In 1988 I returned to Wellington from a year in London. Harry Ricketts, who was then looking after the book pages on the Dominion, asked me to review a novel set at Victoria University in the 1960s. I’d never heard of the writer, thought it’d be fun and merrily proceeded to hate The Fools on the Hill. (“The lives of all his sentences are ruled inert by their constant appeal to things already known”; “The novel has a page-turning competency but it also encourages the slack attention of a holiday read.”) This turned out to be a mistake. Graeme Lay became North and South’s book reviewer for the next 100 years. And with a tenacity I’ve come to admire, he has never let an opportunity go past to hate me right back. Now maybe he would have always found my work “unreadable” and “pointless” – oh, I can’t be bothered finishing that sentence; writers know the whens and whys of these situations. This was revenge. (And may I just point out that in this scenario I always win, since I wrote my review in ignorance and Lay was and is always in the position of responding. Shame.)

To be honest, though, I wouldn’t write that sort of review now. Not because I’ve wised up to how the game works or I’m a nicer person – though both those things are probably true. The fact is I’ve fallen out of love with the whole enterprise of reviewing. I stopped reviewing some years ago and I’ve never regretted it. (I fell off the wagon last year because I wanted to get the new hardback Alice Munro. Bad hangover when I woke up to discover I’d tried to tell Munro how to write.) The money was rubbish, the grief was harmful, and it didn’t help me get my own work done. But that still leaves something out. I don’t know how to describe what’s missing.

The Polish writer Witold Gombrowicz, in the introduction to his novel Ferdydurke, offered his readers this advice: “if you wish to let me know that the book pleased you – when you see me simply touch your right ear. If you touch your left ear, I shall know that you didn’t like it, and if you touch your nose it will mean that you are not sure ….”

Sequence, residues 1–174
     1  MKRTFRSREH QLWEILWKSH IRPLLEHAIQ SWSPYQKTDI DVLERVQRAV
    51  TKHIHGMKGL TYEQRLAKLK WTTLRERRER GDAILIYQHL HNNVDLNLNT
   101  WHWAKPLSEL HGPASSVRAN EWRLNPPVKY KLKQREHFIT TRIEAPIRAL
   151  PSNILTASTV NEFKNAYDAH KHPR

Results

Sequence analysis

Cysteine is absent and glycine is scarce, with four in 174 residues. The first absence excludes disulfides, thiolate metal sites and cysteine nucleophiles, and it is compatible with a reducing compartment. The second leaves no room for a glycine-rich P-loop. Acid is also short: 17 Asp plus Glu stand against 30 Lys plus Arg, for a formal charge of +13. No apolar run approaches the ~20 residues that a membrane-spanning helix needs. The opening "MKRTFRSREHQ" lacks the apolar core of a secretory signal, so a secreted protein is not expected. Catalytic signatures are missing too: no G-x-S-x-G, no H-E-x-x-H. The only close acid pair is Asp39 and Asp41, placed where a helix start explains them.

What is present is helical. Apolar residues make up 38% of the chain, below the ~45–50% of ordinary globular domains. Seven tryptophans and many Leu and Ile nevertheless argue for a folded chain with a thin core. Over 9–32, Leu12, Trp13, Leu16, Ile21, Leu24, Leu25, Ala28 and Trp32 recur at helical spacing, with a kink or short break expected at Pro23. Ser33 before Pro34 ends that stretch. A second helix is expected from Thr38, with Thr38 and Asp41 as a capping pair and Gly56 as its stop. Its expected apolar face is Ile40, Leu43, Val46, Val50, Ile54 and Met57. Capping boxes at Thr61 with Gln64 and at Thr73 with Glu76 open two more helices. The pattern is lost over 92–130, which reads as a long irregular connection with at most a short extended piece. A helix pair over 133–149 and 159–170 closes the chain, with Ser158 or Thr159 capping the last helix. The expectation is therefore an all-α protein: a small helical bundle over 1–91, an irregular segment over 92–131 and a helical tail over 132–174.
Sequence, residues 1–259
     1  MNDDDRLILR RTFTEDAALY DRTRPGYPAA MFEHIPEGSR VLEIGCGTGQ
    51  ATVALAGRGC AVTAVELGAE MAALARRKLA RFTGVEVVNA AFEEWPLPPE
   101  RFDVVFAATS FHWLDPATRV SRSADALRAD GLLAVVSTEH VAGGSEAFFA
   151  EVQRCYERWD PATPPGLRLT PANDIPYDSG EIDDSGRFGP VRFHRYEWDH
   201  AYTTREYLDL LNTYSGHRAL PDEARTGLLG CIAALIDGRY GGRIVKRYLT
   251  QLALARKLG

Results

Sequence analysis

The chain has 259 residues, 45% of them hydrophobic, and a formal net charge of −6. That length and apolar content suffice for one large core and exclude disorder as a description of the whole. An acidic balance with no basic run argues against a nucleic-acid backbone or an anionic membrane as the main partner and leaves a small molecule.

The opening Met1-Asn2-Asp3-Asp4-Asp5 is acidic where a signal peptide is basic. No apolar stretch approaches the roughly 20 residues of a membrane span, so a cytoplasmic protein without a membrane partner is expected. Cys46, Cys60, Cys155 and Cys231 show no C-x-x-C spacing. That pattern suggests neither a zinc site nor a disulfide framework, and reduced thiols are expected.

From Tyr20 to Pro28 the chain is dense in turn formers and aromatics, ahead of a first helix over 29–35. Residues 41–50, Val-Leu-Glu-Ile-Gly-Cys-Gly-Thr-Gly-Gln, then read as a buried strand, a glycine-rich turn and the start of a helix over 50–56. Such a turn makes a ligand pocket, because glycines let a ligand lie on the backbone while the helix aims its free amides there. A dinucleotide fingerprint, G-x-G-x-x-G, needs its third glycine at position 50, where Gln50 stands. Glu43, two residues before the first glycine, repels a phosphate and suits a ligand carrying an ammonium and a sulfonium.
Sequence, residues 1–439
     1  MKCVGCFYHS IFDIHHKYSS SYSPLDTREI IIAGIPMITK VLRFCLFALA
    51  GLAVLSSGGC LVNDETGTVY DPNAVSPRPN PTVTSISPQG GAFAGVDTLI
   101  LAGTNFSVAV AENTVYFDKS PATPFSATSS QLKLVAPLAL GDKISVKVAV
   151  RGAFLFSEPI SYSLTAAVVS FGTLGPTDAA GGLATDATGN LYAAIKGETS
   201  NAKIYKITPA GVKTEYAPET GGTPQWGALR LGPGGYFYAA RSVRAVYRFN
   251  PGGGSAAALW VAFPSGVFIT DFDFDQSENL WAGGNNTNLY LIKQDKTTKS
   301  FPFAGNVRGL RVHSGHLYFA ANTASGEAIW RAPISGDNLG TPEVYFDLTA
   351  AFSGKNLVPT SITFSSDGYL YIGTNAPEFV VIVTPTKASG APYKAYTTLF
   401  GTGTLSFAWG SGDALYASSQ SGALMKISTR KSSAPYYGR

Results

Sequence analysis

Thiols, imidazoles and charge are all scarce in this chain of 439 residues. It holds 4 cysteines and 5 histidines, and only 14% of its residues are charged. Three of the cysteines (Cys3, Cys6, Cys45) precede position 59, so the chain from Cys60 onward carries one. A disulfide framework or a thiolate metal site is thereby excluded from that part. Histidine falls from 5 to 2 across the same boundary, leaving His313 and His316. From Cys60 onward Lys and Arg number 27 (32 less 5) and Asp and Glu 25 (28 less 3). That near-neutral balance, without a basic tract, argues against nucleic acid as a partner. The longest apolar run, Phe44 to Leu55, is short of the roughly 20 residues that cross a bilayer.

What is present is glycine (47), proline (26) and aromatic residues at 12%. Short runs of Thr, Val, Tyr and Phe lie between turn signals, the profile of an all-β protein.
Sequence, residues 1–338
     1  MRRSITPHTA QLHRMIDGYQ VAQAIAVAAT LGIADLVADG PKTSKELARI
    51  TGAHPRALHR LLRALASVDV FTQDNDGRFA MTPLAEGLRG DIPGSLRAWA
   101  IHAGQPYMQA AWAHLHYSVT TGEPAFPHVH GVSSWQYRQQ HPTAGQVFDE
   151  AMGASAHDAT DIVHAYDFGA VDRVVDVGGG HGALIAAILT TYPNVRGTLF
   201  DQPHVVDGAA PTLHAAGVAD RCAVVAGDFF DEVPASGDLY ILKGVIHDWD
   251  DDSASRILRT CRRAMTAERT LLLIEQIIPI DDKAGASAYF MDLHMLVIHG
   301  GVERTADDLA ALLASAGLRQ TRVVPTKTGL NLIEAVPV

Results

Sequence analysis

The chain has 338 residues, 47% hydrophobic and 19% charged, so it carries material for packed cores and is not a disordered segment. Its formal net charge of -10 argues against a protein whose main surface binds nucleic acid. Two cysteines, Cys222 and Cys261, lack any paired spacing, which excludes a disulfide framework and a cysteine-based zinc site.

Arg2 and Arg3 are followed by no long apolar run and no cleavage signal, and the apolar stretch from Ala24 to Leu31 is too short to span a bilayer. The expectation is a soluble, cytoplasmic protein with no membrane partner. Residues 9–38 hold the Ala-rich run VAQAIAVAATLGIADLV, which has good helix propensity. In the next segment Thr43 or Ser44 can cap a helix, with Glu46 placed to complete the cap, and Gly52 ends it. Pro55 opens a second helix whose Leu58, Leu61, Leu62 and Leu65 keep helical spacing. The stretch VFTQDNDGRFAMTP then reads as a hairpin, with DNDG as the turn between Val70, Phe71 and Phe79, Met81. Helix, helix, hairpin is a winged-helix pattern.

The fact that book reviewing can never communicate through a gesture as light and glancing as touching one’s ear, one’s nose …

So while I follow the argument that we need a robust local literary culture and that we should all review fearlessly, and that the shrinking allocation of space in our newspapers for books is alarming, my inner voice says, “Keep moving, fool!”

One more encounter. My admiring review of Owen Marshall’s The Divided World: Selected Stories in the Evening Post had the title “Welcome record of a rare writing talent”. A few years later in Landfall, I reviewed his collection Coming Home in the Dark, which I found mostly disappointing and, in its title story, pretty objectionable. I’ve met Owen a few times, and he’s always been a model of civility and friendliness. Neither of us has ever mentioned the reviews. Last week one of my current MA students told me he’d bought a copy of one of my novels on Trade Me. The owner’s name was inscribed on the title page: Owen Marshall.

In the early 1990s my overseas publishers would send me copies of reviews via fax. (Overseas publishers – I remember them.) It was pre-internet, and so the sound of that machine coming to life at 3am was usually a thrill, unless it was a wrong number – why were there so many wrong number fax calls back then? Anyway, when I was looking in the filing cabinet for material for this piece, I came across several pages of thermal fax paper which were blank except for a few faint lines of text giving the sender’s address. I could also just make out “Dear Damien”. Then nothing. I realised these were reviews of my books.